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History, The Constitution of 1917

Plutarco Elias Calles, sharp break, land reforms, Carranza, Obregon

Carranza called for a constitutional convention, which met in Queretaro in 1917 to draft a new constitution. Many of the delegates shared Carranza’a belief that political reform combined with some minor social reforms were all that the country needed. Others insisted that social issues needed more attention. In the end, the document that emerged was clearly more radical than the president desired.

The new constitution provided for a labor code that established the right of workers to organize and strike. It also stated that all subsoil minerals, including petroleum and silver, belonged to the people of Mexico. This measure aimed to curb foreign ownership of mineral properties and land and represented a sharp break with Mexico’s past natural resources policies, which had encouraged foreign investment in the nation’s economy. In addition, the constitution prohibited a president from serving consecutive terms, placed severe limitations on the ability of the Roman Catholic Church to own land, and restored communal lands to Native Americans. Many provisions were, for their day, quite radical. The constitution fostered the development of organized labor in Mexico, severely reduced the role of the Catholic Church in education, and laid the groundwork for the nationalization of Mexico’s petroleum industry in the 1930s. It also paved the way for the land reforms that would occur from the 1920s through the 1940s.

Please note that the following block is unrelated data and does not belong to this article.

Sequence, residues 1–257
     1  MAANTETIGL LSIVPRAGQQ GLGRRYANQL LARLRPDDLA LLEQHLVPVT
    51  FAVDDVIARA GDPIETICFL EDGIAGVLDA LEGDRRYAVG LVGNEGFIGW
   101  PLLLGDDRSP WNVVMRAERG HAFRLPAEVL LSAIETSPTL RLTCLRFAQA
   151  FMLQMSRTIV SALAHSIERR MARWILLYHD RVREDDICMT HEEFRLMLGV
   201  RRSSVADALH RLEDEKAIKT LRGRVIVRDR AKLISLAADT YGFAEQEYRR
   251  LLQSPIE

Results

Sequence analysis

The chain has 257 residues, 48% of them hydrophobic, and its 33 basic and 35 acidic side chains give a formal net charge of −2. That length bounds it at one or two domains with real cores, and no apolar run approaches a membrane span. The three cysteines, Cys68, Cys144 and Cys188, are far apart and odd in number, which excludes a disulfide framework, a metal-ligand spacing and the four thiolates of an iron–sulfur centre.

Carranza, who was elected president in 1917, did not enforce many of the constitutional provisions, and turbulence continued. In 1920 three leading generals—Plutarco Elias Calles, Obregon, and Adolfo de la Huerta—revolted against Carranza, who was killed in the ensuing conflict. Obregon was elected president in 1920.

Obregon hoped to end the widespread violence, restore the nation’s shattered economy, and make the social reforms necessary to establish class cooperation. He instituted some land reforms and established rural schools, but he also used bribes, concessions, or force to gather support. Obregon secured U.S. recognition for his regime in 1923 when he consented to arbitrate and adjust the claims of U.S. oil companies. Later in the year, the United States supported the Obregon regime during an abortive revolt. Obregon chose Plutarco Elias Calles to succeed him as president.



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